Thanksgiving 2010.1

Thanksgiving arrived in two parts this year. On Thanksgiving Day itself, NS and I joined others from the good old US of A (and a few stealthy non-Americans) for turkey, ham, stuffing, and all the delicious accoutrements. It was odd working that whole day - and working the whole next day - yet still eating more than our fair share on a Thursday night. But I'm not one to turn down a holiday feast.

Here are some pictures from the evening (mostly centered around what we ate):

This is D (a non-American from church) hand-whipping heavy cream for a dessert he made. Impressed? You better believe it.

One of two turkeys. The guest list at this event was about 20 people deep. I already had 24 people confirmed for my Thanksgiving-with-the-Foreigners party (future post). This is where I started to worry that I wouldn't have enough meat on my one turkey...

But doesn't this look delicious?!

Boys strategizing the butchering. Note: Our hosts were two bachelors, and they did a phenomenal job on dinner.

D still whipping. I have never been able to harness the patience he displayed.

Food lineup. I took it easy and made the salad. Other (more popular) dishes are in the blur.

Oh! A team player! BK takes on the cream.

BK and supervisor
Finally! We have stiff peaks, which D added it to his banoffee pie (sans bananas). This is a traditional English banana/toffee dessert (equally delicious without the bananas). I loved it.

Perfectly roasted turkey
As people were chatting and eating, I snuck around and snapped a few photos, just to capture the pseudo-family that had gathered for the evening. Like most people I've met on the island, the group was warm, friendly, and inviting. It didn't replace being at Grandma's cabin, but it helped to uphold an age-long tradition in a new way.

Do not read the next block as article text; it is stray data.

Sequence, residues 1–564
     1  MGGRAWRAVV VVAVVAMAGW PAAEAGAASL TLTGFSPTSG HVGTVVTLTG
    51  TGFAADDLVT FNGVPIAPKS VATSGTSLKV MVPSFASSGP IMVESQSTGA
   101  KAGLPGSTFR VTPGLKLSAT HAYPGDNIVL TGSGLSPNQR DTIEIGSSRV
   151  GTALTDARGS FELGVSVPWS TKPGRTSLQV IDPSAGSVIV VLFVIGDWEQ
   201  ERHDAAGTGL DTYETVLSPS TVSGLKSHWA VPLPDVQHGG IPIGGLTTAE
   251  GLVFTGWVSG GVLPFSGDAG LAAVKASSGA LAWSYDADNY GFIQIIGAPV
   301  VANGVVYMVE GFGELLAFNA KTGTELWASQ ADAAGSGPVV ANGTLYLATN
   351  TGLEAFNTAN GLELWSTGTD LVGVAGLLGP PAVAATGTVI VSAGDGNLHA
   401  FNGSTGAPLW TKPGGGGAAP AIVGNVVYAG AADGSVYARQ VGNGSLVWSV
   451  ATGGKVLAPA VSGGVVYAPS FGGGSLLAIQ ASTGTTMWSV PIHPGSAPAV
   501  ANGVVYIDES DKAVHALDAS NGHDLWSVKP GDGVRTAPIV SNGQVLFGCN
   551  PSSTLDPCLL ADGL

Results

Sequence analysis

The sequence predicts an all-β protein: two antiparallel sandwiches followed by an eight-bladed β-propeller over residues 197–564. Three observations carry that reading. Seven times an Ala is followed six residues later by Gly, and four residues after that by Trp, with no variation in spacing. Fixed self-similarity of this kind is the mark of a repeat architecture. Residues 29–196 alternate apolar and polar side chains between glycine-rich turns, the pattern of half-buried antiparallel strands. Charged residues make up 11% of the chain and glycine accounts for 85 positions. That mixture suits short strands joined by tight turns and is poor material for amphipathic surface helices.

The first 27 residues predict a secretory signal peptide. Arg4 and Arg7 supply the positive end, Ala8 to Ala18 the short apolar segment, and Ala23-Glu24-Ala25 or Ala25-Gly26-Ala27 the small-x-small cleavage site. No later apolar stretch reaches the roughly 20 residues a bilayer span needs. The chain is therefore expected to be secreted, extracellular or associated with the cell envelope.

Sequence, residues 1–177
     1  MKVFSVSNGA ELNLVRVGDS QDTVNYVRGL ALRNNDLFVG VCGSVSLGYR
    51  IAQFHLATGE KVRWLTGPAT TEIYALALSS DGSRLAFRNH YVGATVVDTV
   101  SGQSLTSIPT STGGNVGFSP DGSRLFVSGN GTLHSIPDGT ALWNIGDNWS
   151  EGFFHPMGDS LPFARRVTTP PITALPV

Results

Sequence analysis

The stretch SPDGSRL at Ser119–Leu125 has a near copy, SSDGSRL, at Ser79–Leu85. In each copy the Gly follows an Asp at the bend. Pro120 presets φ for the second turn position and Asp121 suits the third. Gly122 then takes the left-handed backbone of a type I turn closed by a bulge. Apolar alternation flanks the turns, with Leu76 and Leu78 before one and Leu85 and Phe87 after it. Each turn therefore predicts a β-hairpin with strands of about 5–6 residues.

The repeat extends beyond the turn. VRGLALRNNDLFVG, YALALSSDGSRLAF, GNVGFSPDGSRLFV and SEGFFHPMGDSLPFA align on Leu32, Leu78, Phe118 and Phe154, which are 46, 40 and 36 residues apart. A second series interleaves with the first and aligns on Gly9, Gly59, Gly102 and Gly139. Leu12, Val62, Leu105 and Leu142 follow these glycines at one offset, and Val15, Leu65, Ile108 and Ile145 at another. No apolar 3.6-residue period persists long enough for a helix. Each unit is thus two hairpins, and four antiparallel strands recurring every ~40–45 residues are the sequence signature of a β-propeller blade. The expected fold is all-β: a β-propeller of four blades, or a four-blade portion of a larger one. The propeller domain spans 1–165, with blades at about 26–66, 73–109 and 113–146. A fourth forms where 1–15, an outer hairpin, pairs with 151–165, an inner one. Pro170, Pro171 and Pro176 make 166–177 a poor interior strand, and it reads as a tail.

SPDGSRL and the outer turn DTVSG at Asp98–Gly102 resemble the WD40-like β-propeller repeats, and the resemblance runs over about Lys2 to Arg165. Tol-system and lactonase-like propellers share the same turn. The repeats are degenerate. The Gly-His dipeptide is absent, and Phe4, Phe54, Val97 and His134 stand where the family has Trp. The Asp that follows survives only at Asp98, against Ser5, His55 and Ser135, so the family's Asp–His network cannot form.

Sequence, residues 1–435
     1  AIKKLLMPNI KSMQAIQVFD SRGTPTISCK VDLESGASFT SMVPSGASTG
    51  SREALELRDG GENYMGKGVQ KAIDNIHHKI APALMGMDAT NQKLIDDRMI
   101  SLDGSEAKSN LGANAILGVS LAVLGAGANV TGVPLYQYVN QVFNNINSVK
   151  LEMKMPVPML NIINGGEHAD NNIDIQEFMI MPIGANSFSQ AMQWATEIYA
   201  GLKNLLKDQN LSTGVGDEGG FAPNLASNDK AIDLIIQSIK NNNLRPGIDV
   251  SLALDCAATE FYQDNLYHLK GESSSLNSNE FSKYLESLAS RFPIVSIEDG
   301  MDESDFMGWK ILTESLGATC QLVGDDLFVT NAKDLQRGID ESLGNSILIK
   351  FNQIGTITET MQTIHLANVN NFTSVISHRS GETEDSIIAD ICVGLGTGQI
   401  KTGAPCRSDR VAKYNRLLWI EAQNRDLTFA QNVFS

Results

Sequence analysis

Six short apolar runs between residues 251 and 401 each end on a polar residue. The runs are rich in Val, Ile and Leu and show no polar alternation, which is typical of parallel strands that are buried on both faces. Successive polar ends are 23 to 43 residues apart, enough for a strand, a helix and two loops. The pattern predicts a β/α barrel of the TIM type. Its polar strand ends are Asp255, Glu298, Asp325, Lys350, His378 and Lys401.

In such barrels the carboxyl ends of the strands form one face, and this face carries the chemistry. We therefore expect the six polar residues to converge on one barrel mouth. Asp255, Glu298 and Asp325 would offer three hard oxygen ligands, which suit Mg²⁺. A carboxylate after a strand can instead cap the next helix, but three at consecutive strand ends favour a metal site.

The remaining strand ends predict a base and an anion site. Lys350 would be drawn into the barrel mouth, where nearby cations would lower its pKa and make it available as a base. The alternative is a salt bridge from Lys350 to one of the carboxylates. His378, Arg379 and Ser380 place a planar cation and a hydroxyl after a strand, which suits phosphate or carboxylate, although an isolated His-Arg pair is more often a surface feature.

But can a tradition be flexible? Does that defy what a tradition truly means? 

I think this is tradition: Gathering with friends (no matter how new), sharing a meal, discussing interests, laughing together, supporting each other. Lest I be concerned that 26 years of tradition flew out the window the moment I boarded the plane for Grand Cayman, I am comforted in knowing that the heart and soul of tradition are still alive here in our new home. The faces may have changed; the food may have changed; the weather has definitely changed. But the meaning is the same. We're happy, we're healthy, and we're thankful.

More on traditions, food, and thankfulness in Thanksgiving, Part II: With the Foreigners!


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